5. Develop an analytics-driven contracting optimization capability. To realize your financial targets, it’s important to continually measure the success of your contracting strategy, leveraging data and analytics to optimize it. You will need to build a mechanism to  measure contract compliance and monitor whether contracting elements are yielding the expected profit for each relevant segment. You will need to build data management and analytics capabilities to run pre-deal and post-deal analytics to improve your deal health. Use these capabilities to generate insights that can be shared internally and with customers. These insights can enable a healthy, fact-based dialogue on tactical topics such as contract compliance and more strategic topics such as annual business reviews, solution co-creation and partnerships. This capability will ensure that you’re creating a learning organization, optimizing your contracting strategy continually, and more importantly, create stronger customer relationships.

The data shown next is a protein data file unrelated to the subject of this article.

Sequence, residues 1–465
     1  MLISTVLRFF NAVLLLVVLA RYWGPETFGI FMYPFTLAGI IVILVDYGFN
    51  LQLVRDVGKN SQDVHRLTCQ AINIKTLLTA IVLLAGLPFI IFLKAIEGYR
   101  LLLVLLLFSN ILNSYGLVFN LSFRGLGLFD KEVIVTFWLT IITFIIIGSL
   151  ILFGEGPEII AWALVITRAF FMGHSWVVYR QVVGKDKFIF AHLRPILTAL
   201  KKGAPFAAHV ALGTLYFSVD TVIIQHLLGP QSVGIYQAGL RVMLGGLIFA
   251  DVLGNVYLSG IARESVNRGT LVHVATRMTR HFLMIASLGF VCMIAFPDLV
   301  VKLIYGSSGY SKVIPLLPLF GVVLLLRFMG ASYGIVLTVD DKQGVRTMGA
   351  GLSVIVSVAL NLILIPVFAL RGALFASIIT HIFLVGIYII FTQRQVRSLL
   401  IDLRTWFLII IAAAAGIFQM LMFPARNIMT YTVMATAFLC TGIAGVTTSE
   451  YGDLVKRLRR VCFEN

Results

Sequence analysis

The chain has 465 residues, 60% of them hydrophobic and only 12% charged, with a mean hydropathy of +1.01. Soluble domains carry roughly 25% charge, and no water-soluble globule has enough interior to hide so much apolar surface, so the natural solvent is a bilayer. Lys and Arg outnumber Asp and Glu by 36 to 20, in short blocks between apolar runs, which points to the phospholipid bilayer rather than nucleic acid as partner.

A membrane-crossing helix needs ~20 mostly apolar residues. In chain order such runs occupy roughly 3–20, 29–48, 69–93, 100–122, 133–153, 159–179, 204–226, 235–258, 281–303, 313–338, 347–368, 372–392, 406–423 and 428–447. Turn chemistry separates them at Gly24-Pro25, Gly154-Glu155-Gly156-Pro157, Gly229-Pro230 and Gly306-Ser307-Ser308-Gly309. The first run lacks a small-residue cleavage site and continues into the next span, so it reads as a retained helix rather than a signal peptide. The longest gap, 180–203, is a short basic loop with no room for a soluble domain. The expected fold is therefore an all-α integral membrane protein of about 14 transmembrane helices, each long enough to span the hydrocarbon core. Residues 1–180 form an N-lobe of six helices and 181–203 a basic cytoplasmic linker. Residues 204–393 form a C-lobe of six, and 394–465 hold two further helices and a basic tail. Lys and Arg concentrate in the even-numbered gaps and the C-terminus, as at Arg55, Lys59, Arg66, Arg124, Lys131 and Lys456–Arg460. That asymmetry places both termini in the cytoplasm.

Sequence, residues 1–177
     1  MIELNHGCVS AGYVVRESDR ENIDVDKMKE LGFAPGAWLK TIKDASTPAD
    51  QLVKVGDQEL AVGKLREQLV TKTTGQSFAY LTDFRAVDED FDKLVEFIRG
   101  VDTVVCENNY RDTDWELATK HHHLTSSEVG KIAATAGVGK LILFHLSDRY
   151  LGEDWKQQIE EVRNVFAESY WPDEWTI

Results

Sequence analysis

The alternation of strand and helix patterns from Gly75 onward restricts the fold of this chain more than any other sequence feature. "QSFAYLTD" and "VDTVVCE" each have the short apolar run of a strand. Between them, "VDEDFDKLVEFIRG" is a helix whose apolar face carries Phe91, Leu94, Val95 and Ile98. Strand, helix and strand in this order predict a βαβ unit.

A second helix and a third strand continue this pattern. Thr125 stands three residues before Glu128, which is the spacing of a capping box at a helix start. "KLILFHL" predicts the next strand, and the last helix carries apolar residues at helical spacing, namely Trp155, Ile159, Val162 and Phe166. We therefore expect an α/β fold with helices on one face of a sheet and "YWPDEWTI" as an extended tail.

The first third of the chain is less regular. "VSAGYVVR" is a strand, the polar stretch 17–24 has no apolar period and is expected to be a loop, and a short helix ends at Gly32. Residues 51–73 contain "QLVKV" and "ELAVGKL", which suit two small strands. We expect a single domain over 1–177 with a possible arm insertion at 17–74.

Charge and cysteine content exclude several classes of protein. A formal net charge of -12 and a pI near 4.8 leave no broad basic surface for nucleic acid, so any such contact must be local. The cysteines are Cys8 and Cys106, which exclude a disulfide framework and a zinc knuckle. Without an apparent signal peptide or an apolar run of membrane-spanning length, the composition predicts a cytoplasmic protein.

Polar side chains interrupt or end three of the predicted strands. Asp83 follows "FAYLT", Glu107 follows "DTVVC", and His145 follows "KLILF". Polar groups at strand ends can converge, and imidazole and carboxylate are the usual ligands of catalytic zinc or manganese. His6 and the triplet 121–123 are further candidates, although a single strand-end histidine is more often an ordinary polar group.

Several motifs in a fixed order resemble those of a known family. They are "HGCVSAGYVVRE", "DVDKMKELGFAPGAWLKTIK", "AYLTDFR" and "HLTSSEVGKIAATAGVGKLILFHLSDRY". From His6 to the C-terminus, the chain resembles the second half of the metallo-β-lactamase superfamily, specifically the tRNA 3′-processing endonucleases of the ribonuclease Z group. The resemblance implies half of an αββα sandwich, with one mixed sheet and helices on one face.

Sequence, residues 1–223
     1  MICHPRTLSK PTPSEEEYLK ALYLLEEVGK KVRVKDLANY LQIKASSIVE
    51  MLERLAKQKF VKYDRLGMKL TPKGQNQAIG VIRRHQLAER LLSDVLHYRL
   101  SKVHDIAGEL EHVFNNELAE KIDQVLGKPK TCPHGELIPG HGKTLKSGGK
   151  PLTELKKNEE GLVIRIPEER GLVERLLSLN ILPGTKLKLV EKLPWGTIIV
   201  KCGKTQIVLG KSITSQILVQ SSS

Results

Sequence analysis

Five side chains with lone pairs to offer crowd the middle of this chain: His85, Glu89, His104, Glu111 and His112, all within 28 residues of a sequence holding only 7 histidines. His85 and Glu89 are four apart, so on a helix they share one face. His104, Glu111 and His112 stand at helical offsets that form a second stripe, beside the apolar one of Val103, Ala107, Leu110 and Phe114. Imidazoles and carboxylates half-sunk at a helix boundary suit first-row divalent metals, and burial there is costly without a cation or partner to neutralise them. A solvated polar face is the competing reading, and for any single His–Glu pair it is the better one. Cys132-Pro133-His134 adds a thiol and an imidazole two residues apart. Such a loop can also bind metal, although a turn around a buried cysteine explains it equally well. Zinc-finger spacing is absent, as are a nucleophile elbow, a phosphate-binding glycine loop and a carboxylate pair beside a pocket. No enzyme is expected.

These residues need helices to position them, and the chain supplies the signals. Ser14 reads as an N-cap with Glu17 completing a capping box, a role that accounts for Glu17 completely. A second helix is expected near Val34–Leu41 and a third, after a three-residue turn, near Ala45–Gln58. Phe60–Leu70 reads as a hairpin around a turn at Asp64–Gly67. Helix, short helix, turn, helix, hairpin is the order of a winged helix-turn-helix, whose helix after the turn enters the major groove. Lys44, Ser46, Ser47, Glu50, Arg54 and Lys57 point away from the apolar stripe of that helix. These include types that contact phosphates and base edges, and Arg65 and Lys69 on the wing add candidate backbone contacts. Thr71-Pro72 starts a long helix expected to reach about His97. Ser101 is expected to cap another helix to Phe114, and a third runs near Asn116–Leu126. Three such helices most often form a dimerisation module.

Contracting strategy is where your pricing strategy meets the customer, and hence a lot of rigor needs to go into how you design and execute contracts. Keeping the five considerations described above will ensure that you positively impact your firm’s profitability as well as create the right customer experiences and behaviors.


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Topics: medtech, contracting, pricing, medtech commercial strategy, medtech pricing, pricing strategy, contracting strategy

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AUTHORS
Brian_Chapman_thumbnail
Brian Chapman
Principal,
ZS Associates
Tobi_Laczkowski_thumbnail
Tobi Laczkowski
Principal,
ZS Associates
Will_Randall_thumbnail
Will Randall
Manager,
ZS Associates
Matt-Scheitlin-London_thumbnail
Matt Scheitlin
Associate Principal,
ZS Associates
Andy-kach_thumbnail
Andy Kach
Associate Principal,
ZS Associates
Bhargav_Mantha_thumbnail
Bhargav Mantha
Associate Principal,
ZS Associates